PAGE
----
[iDC] Literate Capitalism and the Experience Economy

john sobol john at johnsobol.com
Sun May 28 12:24:44 EDT 2006

Hello Eric and all,

I too found Mark van Doorn's paper very interesting, although he makes 
a key (and very common) mistake in equating 'text' with 'narrative', 
and erroneously classing non-literate narrative knowledge-sharing as a 
subset of literacy, which it most definitely is not. His analysis of 
the experience economy appears to be relevant but atechnological, 
missing out on the essential (if overquoted) insight that when it comes 
to storytelling, the medium is – if not the entire message – then a big 
part of it.

On 28-May-06, at 9:01 AM, Eric Kluitenberg wrote:
> It strikes me that this approach is to some extend defeating its own 
> puprose, if in any case the purpose Mark van Doorn delineates is the 
> true one. Which is to say that the quest for self-determination and 
> meaningful and memorable experiences ultimately will hinge on people's 
> understanding that they are not merely consuming a product, but that 
> they are actually participating in a meaningful social process not 
> guided by an extrinsic logic (profit), something that rather has 
> intrinsic, or 'sovereign' value. I don't believe that these two can be 
> fused into one as a business process always necessarily relies on an 
> external utilitarian motive beyond the object itself (profit, market 
> share, enhancing brand recognition, long-term consumer franchise, 
> etc..), while we can learn from Bataille that the sovereign 
> (experience) is "life beyond utility".

This neat separation of commerce and art, of creativity and 
exploitation, of external motive and internal value, is a familiar 
literate trope, one that serves to reinforce literacy's historic 
equation of 'high art' with a moral 'high ground'. It is the flipside 
of literate capitalism, the revolt that extends the dominant ideology 
by celebrating its negation – but on terms dictated by that hegemony. 
How much more destabilizing and catalytic to abandon this binary 
paradigm altogether? As I keep pointing out, all one needs to do is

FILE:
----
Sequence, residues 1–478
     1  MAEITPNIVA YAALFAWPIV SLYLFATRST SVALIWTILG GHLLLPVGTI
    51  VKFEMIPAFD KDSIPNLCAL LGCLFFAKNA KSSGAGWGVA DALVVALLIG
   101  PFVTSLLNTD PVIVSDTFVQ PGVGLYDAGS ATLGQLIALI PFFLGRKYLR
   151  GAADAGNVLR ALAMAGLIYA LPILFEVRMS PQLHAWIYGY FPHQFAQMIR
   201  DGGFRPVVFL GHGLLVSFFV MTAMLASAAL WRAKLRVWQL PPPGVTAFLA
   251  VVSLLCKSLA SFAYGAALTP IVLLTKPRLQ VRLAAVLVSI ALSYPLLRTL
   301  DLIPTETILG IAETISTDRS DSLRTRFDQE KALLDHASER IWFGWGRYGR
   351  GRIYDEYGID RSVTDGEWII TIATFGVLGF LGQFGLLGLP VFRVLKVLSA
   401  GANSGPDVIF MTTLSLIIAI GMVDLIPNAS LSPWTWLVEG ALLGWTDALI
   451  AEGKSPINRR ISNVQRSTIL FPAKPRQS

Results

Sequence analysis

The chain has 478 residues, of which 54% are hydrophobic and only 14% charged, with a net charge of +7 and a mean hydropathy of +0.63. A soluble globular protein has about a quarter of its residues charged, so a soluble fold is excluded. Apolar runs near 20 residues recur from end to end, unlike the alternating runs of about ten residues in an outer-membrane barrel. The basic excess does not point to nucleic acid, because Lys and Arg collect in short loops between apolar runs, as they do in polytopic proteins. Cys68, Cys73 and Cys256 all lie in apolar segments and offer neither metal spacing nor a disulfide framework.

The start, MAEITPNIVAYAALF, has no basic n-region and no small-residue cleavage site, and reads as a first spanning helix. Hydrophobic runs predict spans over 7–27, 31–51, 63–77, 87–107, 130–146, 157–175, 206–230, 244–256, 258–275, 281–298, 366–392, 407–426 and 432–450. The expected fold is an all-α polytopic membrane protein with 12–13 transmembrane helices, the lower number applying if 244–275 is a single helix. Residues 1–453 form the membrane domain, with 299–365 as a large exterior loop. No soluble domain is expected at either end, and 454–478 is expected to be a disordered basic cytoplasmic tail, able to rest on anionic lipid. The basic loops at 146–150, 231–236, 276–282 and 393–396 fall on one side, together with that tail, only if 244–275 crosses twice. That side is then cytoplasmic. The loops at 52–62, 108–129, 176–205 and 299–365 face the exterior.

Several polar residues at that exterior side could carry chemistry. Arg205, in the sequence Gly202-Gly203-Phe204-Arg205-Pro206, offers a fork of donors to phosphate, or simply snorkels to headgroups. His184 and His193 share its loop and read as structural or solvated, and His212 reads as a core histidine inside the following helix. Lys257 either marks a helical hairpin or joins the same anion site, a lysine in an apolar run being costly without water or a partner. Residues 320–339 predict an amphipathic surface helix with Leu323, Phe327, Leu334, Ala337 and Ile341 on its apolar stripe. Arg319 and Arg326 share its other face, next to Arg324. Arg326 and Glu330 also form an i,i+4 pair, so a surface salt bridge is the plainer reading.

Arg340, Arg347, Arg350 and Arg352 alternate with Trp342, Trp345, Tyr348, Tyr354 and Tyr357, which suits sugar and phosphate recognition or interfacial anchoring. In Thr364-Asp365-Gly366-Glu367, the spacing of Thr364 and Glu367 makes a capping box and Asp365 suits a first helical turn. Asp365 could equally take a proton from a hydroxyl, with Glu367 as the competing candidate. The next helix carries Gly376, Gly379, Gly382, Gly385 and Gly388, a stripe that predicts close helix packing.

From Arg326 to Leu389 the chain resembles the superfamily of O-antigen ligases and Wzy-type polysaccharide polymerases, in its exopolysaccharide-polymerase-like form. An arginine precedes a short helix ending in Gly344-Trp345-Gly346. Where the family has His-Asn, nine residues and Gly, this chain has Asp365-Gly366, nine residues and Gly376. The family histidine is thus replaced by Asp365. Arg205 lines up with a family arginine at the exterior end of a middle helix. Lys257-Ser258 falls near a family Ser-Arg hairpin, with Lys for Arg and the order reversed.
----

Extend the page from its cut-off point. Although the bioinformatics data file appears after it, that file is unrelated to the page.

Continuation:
spend some time in a predominantly oral culture in order to discover 
the myriad marvels of functional creativity (aesthetic, economic and 
social) and to learn that it is not the marketplace itself that 
constitutes the hegemony but rather the media with which we manage the 
exchange of goods, services and knowledge. The Experience Economy is 
already here, it has always been here, all around us. But the 
imposition of literate capitalism via the hegemony of depersonalized 
texts (bills, contracts, deeds, drafts, ledgers, laws, forms, etc.) has 
starved and enfeebled its scope, along with the rest of the oral social 
apparatus. The opportunity, of course, is to resuscitate that apparatus 
in conjunction with networked communities for the benefit of each of 
these two disenfranchised solitudes.

> So when van Doorn writes: "Technology and business it seems can learn 
> a lot from literature and performance studies as these disciplines 
> provide insight into how meaningful and memorable experiences are 
> structured" he is certainly right. They can learn how to create even 
> more business opportunities for themselves and harvest new emerging 
> markets more effecively. However, the aim of supporting the quest for 
> self-determination and meaningful experience wil not be fulfilled by 
> these kind of advanced (read: cloacked) alienating strategies of 
> informational capitalism.

Yes there is a difficult tension to negotiate here. The power of the 
machine to co-opt successful off-the-grid initiatives is astounding. 
But I disagree that 'cloaked' strategies are inherently doomed 
(regardless of whether or not that cloaking is intentional). Here's a 
personal anecdote that describes how this challenge played out in one 
situation for me...

A few years back I ran a series of digital storytelling workshops for a 
group of middle managers in an insurance company call centre. My 
participatory workshop model had been honed through several years of 
working exclusively with street kids and this was the first time I had 
branched out to train a corporate team. I definitely had an 
anti-corporate chip on my shoulder but I went at it with an open mind. 
What I discovered was that this community, this client group, these 
people, were as desperately in need of opportunities to express 
themselves, as disconnected from the meaning of their existence, from 
their own knowledge and stories – as any of the street kids had been. 
More than this, they were every bit as grateful, and transformed by the 
experience as the street kids were. When it was over there were tears 
and deep connections and awakenings despite the fact that the whole 
exercise had been framed as a corporate team-building event and 
strategic retreat, designed to increase profits by making more 
'efficient' choices (i.e. screwing poor people). Therein lay the 
tension. So yes I was propping up Moloch. But how do you fight a demon? 
In the end I felt that the personal transformation outweighed the 
corporate agenda. At least I know that I helped some people understand 
themselves and each other. That's already a revolution. And it doesn't 
mean I'm stuck 'in the system', but rather – I hope – that incremental 
gains towards personal narrative autonomy are being made even in these 
remote outposts of alienated profiteering.


bluesology • printopolis • digitopia

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